Home Canning

I was busy this past week with some home canning. I made an absolutely amazing tomato salsa and apple jelly.

I started with the salsa, the recipe I found uses canned tomatoes instead of fresh since that would have required me to buy tons and tons of tomatoes, that gets expensive, I did use fresh onion, garlic, jalapenos, lime juice and cilantro. Hubby cut up the fresh veggies for me ( he has better knife skills than I do) and after I combined all the ingredients, pureed it until it got to a nice non-chunky consistency ( I don’t like the chunks)  It turned out great, it yielded 7 pint jars, not nearly enough for me, and I’ve already gone through a jar and a half in 5 days, and it only took about 2-3 hours from jar prep to processing.

I can’t share the recipe since it is someone else’s and I’m pretty sure there is something somewhere that says I can’t do that.

The apple jelly was a simple one as well, I used unsweetened bottled apple juice from the grocery store, Sugar and fruit pectin, that’s it.  I bought everything store brand so after buying the jars it equaled out to be about a $1.00 per jar of jelly, which I’m pretty sure is cheaper than store bought jelly.  The recipe I used, which again I can’t share on here, yielded 7, 8oz jelly jars and took about 2 hours from jar prep to processing.


Next week I will be trying my hand at some more jelly and will let you know how that works out.


I was on “vacation” the last couple of weeks,  during that time I was going to spring clean the house. Well my best made plans didn’t work out as I’d hoped. I ended up spending the first part of the vacation sick, and not the normal sickness, it took a little while for me to finally get to the DR to realize what was actually wrong with me was viral meningitis (Inflammation of brain and spinal cord membranes) sounds scary I know. It’s not fun and I don’t recommend it. I suffered from severe headaches, nausea, some vomiting and coughing that kept me and my husband awake at night. Needless to say it took the whole first part of the vacation just to get the bedroom and bathroom done, with the frequent breaks I was having to take just to get through the day I wasn’t getting a whole lot done. After the DR gave me something to ease the inflammation I started doing better and was able to try and get things done. What was supposed to be cleaning the whole house turned into cleaning just the main parts, since I ran out of time. The house is cleaner and some what decluttered but not at all what I had in mind when I went into this.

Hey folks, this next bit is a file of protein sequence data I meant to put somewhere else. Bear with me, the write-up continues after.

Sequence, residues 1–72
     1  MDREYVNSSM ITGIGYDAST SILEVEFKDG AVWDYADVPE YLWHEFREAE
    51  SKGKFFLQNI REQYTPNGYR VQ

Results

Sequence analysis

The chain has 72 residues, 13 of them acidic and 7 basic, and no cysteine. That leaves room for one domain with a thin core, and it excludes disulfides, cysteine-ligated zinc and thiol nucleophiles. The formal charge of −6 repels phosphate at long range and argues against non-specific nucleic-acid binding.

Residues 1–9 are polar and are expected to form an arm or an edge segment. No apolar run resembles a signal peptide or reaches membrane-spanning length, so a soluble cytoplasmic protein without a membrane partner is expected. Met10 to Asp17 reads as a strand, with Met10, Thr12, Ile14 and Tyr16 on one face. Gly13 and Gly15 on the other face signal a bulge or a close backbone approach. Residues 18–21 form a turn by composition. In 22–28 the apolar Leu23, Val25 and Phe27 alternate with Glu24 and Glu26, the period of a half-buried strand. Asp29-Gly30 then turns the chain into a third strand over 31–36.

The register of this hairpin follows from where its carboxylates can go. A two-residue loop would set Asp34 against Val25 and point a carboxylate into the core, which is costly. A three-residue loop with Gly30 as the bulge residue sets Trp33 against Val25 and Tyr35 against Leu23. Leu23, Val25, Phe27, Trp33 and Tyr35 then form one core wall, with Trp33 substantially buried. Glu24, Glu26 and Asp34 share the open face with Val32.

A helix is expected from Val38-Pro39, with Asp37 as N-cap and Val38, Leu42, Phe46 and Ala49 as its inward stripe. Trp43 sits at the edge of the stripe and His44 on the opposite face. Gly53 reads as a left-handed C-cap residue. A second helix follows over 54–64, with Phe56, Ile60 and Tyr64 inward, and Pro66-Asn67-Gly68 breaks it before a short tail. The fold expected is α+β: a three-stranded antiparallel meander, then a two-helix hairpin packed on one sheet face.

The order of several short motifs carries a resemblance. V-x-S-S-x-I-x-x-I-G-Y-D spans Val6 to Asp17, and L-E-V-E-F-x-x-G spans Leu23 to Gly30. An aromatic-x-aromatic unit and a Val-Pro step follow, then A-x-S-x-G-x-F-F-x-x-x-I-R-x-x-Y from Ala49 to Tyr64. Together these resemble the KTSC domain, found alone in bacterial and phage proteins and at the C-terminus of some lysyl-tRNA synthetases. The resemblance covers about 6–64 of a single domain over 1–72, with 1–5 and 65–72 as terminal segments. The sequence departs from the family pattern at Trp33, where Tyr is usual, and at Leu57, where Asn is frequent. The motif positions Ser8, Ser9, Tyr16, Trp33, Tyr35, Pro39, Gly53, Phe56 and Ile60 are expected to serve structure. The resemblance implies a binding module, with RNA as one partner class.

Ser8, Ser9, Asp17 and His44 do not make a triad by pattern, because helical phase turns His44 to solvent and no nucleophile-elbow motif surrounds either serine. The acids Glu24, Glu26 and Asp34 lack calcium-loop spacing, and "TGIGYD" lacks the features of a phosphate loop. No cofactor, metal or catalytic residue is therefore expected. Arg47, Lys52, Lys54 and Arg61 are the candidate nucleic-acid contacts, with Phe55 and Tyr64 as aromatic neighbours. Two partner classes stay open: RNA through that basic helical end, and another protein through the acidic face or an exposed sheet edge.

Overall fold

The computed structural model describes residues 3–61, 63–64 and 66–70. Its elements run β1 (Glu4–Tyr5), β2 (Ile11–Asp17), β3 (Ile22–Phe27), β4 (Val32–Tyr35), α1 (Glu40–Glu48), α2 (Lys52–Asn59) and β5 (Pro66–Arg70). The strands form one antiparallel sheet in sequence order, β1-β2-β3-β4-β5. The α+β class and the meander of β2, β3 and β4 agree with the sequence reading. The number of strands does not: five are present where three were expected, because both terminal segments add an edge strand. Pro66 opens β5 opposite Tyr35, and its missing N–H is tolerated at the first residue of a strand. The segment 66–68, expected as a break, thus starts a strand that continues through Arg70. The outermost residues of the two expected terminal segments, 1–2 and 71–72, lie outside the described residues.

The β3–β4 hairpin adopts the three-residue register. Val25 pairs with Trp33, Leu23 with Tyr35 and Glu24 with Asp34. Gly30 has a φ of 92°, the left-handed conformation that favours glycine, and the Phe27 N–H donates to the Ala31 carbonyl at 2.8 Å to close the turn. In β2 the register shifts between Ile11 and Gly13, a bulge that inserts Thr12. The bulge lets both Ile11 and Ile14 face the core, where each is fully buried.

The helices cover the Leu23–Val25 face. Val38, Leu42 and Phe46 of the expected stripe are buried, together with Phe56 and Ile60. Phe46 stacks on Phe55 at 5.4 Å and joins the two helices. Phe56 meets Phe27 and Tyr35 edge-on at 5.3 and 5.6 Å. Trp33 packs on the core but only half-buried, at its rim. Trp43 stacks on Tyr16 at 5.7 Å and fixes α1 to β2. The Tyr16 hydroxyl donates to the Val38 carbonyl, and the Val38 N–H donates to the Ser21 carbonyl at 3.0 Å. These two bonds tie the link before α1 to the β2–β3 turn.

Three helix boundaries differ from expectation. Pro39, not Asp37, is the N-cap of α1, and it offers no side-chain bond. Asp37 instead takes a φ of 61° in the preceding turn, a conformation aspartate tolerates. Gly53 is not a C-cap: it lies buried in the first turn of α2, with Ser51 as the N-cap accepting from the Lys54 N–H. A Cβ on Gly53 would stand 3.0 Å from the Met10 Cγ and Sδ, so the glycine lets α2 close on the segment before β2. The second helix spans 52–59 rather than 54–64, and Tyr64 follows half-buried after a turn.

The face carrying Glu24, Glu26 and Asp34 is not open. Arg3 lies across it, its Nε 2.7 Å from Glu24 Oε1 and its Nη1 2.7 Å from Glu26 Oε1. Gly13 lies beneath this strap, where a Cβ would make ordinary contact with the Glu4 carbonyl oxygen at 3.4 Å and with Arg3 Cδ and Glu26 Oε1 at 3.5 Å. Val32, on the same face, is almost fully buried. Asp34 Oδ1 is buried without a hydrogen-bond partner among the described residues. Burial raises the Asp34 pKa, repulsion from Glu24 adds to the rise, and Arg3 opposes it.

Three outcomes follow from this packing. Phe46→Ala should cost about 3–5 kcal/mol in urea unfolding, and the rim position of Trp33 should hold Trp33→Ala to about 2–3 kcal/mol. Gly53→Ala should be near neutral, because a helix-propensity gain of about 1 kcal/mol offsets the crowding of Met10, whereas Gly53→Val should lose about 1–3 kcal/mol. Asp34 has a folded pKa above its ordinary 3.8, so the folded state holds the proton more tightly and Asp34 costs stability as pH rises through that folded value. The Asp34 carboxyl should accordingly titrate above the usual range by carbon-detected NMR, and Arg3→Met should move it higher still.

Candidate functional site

Things you realize when you’re sick, stuck on the couch.

  • You notice how unclean the house is, especially when you want to be cleaning.
  • You get very good at making plans on how you want to do something, but never get to practice them.
  • Animals don’t stop needing your care, and they don’t understand why your not so receptive to their “love”,  the dogs drove me NUTS!
  •   Animals on a routine, ie. goats, don’t care if you’re busy being sick,  ‘we eat at 4 o’clock  that’s when you need to be here not a minute after.’
  • There is nothing on TV midday Saturdays and Sundays.
  • The kitchen on Food Network is kinda funny and I like it. ( It’s a talk show  with chefs cooking and being silly)
  • Food network, HGTV, and FYI play a lot of reruns.  I think they are on a loop.
  •  And I didn’t miss work one bit, sick or not.

It was a long vacation but unfortunately not long enough. I love being at home and only having animals I need to please. Just so tired of working indoors stuck behind a computer. If I had it my way there would never be any posts on this blog cause I would never be at a computer again.